Which leads to the next issue: Why would Cingular subsidize an iPod, especially when it isn't using Cingular's network? Turns out they don't have to. Which also frees Apple from the prospect of music-only iPods competing against subsidized iPhones, and from mobile network operators using varying levels of subsidy, resulting in a range of iPhone prices, once the term of exclusivity expires. No subsidy also makes it easier for Apple to sell iPhone in Apple stores.

Keep in mind that MNOs' executives had not seen the iPhone. The only precedent they had to work with was the first iPod, which was hardly a revolutionary looking device. In agreeing to terms that appeared to be solutions to some practical problems when they were negotiated, they gave Apple the levers to move the mobile handset business in directions advantageous to Apple. As in the case of Blackberry subscription revenue, the mobile industry is willing to shift on some fundamental points of the handset vendor relationship if the handset brings with it significant end-user demand. But unlike Blackberry, it wasn't just a matter of revenue sharing.

It took two years for iPod to gain momentum. Analysts project that iPhone will take 1% of the mobile phone market fairly quickly. If sales fall into the range of 5 to 15 million units over 12 months Apple will roughly match their only near-direct competitor: Nokia Nseries, which sold 6 million units last quarter. In about two years Apple will have a product line as broad as Nseries, and could take 5% of the mobile handset business, and a really hefty chunk of the total profits, since Apple won't be selling any low-end handsets.

Are Cingular chumps for agreeing to these terms? Not really. They will look like geniuses for seizing what will be one of the very few opportunities to move a couple million subscribers to their network. The strategic impact of iPhone on the mobile industry will only be felt once the product exists in millions of units, and it will be spread throughout the industry. Apple will be free to set pricing of handsets, and will be free to operate a parallel commerce channel on a parallel network. No other handset maker has ever taken as much away from a negotiation. Even Qualcomm would be jealous of that kind of leverage.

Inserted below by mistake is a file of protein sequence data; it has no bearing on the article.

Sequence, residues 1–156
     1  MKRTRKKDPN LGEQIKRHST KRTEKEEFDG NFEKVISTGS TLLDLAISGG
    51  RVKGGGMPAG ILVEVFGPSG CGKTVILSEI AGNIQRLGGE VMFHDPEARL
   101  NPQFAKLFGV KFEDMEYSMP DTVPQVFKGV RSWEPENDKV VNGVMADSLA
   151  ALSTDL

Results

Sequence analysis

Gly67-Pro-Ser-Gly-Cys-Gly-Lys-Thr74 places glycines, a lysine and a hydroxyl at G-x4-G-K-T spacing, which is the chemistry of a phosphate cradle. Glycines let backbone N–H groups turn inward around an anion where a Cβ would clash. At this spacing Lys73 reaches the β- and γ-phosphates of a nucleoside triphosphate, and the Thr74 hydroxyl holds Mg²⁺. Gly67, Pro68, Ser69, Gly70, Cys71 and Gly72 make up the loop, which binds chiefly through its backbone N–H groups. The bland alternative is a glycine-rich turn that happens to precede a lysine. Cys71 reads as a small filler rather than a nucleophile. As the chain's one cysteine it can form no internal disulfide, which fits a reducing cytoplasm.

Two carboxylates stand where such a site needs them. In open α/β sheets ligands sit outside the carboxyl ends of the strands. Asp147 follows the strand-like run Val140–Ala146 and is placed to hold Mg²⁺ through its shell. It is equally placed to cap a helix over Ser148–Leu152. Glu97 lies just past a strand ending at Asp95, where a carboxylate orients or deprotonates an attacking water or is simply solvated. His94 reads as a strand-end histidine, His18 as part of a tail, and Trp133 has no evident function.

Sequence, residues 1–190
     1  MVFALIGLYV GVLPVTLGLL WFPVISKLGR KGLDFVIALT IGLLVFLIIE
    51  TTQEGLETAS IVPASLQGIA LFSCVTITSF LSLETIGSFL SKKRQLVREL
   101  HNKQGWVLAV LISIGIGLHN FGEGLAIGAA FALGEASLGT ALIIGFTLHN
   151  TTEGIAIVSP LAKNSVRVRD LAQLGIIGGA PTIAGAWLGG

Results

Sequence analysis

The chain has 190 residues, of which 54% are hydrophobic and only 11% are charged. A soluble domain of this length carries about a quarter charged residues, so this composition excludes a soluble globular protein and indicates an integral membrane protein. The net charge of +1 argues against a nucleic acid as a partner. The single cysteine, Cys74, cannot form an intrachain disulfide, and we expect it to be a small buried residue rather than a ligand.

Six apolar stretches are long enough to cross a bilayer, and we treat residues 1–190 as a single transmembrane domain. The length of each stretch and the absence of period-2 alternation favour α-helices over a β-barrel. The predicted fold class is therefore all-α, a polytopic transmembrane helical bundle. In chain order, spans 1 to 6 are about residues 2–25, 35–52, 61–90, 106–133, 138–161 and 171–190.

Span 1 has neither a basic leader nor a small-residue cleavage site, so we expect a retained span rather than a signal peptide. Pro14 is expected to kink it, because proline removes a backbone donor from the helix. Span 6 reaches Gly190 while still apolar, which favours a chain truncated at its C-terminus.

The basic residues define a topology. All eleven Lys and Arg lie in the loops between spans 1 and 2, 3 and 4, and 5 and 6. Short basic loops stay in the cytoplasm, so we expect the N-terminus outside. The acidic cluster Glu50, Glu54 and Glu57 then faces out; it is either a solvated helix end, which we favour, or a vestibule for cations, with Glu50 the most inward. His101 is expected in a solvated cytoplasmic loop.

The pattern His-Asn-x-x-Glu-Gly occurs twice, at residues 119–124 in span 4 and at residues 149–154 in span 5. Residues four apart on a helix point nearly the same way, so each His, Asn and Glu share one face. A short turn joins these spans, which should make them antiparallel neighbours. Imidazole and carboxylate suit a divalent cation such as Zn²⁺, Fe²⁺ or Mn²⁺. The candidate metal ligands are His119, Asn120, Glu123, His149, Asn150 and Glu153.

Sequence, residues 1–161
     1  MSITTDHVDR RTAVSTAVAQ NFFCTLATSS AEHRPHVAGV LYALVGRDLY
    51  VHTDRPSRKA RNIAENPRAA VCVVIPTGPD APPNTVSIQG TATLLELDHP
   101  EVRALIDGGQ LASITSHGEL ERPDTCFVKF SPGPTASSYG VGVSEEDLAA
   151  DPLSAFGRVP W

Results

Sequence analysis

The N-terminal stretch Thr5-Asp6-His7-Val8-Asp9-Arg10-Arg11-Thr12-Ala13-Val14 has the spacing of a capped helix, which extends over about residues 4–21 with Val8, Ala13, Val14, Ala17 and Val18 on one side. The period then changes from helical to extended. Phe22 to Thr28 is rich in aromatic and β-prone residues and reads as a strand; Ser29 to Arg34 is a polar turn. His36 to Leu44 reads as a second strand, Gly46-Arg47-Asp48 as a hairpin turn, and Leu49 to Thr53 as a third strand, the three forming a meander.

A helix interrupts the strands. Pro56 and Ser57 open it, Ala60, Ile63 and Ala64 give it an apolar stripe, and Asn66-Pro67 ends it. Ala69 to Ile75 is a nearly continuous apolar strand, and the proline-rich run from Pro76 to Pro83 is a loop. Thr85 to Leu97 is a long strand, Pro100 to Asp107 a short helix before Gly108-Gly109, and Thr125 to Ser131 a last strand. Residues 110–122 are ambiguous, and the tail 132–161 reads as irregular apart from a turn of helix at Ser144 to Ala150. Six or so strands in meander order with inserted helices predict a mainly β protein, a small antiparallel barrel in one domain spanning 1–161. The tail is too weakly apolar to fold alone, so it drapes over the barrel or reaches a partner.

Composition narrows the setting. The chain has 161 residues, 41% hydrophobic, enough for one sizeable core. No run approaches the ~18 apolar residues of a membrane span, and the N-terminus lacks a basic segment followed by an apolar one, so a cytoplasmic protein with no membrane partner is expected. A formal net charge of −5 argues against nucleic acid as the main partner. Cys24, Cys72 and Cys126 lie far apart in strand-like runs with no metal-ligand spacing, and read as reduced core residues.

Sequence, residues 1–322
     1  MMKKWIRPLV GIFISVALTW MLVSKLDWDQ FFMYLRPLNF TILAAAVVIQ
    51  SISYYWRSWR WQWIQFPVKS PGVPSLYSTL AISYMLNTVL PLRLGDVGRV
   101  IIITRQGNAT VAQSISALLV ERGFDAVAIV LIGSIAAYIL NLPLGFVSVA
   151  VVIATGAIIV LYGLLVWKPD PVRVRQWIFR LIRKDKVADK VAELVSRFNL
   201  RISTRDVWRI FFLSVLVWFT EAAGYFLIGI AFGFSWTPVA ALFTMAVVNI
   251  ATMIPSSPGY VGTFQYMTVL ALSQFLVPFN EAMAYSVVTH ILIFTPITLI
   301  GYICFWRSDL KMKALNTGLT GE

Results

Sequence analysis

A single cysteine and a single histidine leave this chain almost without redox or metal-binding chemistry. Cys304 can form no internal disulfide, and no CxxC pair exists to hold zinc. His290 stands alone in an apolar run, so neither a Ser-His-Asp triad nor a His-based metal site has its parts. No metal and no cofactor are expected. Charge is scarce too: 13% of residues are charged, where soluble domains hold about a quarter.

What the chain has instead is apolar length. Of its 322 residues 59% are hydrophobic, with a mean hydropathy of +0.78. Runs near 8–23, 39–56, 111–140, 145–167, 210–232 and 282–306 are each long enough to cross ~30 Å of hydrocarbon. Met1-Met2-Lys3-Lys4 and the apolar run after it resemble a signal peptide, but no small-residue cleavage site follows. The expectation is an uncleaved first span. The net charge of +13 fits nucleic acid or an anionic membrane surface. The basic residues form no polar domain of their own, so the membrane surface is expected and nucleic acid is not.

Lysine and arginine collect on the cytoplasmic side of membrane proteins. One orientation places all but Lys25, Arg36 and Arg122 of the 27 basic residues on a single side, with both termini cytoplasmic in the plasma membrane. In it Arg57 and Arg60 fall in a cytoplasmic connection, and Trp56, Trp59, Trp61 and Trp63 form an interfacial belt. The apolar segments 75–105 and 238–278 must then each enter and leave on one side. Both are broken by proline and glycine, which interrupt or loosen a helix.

What about the impetus – defending against mobile phones that are also media player? It sure looks like iPhone is a solid defense. But is there really a threat to defend against? Apple will sell more than 100M iPods in 2007. That is about one tenth the number of mobile phones that will be sold. The iPod market is now too big to be “crushed.”

Those engaged in building a mobile phone-based music business will have to contend with a fragmented handset technology and m-commerce landscape. Only Qualcomm and, perhaps, Nokia have control over enough of that landscape to mount a challenge, and to do it comprehensively from e-commerce channel to handset. On top of that, a mobile music challenger will have to use the mobile data network to deliver content of similar quality to that available on iTunes. And on top of that the prices will have to meet iTunes prices. Being able to buy on the go, out of WiFi range, just isn't enough to justify a higher price.

By the time a mobile music challenger really gets going, Apple will have new iPhone models on the market, and will be on the way to taking 5% of the mobile handset business and not just defending itself against the mobile music business, but being the mobile music business.